ENFP and INFJ

These two types fall in the “green zone” of the compatibility chart. They have quite a lot of similarities between each other, but at the same time possess enough differences to be able to learn from one another.

Relationship 

Even though ENFPs and INFJs don’t share any cognitive functions, they are a pairing with plenty of long-term potential. This is because they use their functions in exactly the same order – Intuition, Thinking, Feeling and Sensing. That means that they can constantly give each other unique perspectives in similar situations, leading to mutual fascination with one another. The ENFP-INFJ relationship balances each partner perfectly, which can lead to plenty of potential for personal growth. It’s easy for both partners to see the blind spots in the other and push them to develop in that direction – with the signature NF empathy, of course.

Friendship

ENFPs and INFJs also make for great friends. Their inverted cognitive functions compliment each other extremely well, which can often lead to ENFPs suggesting solutions that someone with an INFJ personality would never think of on their own, and vice versa. An interesting characteristic that they both share is their ambivertness – meaning that while ENFPs are considered to be extroverts, they need their wind down time, and introverted INFJs enjoy socializing to a certain extent. This makes it easy for them to tune into each other’s energy and enjoy doing virtually everything together. Both types prioritize their relationships so even if conflict occurs, they will do their part in resolving it quickly.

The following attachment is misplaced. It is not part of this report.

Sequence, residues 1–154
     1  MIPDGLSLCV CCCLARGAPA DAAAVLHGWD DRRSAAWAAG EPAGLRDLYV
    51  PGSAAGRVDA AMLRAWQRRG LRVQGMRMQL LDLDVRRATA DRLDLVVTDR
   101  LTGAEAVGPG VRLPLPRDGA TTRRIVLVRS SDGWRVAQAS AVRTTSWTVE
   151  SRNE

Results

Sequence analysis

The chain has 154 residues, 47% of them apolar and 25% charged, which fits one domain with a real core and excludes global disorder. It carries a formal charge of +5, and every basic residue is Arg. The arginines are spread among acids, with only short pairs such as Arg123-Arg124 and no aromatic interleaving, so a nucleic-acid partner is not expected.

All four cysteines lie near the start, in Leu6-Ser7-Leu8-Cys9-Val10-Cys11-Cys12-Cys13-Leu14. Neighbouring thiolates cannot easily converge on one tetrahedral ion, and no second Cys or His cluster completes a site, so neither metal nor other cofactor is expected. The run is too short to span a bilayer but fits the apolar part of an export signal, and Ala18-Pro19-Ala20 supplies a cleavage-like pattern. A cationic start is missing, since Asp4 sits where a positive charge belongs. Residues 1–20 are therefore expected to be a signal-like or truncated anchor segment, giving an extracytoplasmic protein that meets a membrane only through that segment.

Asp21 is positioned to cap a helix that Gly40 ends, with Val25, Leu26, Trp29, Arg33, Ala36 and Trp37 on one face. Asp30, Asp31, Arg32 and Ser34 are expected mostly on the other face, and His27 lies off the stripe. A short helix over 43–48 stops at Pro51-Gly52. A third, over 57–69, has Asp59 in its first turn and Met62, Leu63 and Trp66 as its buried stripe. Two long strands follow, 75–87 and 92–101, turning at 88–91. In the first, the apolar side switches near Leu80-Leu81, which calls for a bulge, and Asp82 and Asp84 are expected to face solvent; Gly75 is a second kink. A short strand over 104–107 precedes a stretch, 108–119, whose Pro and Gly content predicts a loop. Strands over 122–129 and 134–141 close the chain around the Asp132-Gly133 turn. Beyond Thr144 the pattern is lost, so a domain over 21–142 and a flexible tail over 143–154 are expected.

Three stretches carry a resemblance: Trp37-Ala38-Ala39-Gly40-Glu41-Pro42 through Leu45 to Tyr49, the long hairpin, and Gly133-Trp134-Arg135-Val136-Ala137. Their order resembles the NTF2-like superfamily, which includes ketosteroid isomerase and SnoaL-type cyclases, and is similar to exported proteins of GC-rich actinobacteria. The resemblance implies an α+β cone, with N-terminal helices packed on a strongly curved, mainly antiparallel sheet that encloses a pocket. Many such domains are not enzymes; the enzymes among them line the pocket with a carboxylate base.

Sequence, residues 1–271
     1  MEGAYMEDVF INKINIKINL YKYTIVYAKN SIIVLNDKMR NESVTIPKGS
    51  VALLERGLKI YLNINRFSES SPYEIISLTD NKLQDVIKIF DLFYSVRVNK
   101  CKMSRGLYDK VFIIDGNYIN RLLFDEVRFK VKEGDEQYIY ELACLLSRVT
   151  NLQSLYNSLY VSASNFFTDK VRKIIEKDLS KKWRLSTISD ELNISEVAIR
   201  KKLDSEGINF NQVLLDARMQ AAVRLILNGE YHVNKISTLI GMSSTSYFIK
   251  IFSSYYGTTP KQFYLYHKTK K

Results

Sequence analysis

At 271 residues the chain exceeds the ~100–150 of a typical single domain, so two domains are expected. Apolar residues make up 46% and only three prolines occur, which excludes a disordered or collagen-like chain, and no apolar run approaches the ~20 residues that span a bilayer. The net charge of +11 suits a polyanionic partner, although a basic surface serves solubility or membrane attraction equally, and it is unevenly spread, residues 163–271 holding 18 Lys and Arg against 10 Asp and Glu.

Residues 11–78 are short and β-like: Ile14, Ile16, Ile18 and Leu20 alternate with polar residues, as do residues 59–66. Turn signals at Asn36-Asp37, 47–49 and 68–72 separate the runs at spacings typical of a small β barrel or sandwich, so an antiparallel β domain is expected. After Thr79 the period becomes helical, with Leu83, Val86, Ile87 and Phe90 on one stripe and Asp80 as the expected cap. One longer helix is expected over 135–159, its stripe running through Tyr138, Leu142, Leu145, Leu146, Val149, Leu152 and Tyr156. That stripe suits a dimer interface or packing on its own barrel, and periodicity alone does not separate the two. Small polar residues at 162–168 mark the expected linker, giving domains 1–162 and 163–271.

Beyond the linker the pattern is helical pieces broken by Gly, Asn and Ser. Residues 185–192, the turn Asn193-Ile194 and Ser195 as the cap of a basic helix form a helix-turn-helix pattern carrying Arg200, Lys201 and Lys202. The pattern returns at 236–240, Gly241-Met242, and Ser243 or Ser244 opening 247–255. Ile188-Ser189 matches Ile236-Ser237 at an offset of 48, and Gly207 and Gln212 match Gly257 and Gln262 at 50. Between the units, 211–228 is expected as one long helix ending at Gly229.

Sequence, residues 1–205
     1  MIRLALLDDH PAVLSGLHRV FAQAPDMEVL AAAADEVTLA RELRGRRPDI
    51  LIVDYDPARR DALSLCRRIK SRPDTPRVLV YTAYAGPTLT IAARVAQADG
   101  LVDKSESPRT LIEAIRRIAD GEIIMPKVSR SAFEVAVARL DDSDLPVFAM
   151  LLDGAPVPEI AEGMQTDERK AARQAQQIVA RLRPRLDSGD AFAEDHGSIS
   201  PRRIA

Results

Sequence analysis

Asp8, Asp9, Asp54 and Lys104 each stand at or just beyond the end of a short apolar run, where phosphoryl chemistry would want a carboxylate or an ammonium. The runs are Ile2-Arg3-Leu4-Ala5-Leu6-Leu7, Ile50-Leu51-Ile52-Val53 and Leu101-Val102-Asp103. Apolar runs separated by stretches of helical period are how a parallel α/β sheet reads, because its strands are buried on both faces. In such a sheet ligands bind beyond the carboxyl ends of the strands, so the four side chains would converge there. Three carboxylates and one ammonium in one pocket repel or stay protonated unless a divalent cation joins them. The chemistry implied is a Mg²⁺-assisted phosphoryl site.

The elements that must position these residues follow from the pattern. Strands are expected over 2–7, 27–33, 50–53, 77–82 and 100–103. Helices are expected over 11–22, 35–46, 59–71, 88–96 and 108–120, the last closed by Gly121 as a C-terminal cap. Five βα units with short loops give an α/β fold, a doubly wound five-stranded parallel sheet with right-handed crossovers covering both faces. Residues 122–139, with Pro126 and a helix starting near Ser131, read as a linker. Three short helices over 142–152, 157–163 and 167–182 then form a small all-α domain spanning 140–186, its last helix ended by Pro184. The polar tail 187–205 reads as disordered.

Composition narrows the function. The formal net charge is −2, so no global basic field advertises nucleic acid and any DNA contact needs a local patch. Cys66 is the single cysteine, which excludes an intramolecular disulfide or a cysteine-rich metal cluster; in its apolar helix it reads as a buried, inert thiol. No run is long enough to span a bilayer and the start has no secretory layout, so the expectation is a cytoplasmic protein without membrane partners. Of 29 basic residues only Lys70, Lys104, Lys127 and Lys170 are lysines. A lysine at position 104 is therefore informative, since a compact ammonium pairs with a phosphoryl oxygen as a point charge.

At Work

ENFPs and INFJs don’t have any problems working together. Again, this is a place where their inverted cognitive functions can work incredibly well together. These two types enjoy sharing ideas among each other and building up on them. INFJs can help keep ENFPs organized and inspire them to deliver their work in a more orderly manner. In return, ENFPs can push INFJs out of their comfort zone and motivate them to try new things or methods of work. Both types value harmony in the workplace and are very people-oriented, placing empathy above logic and cold rationality.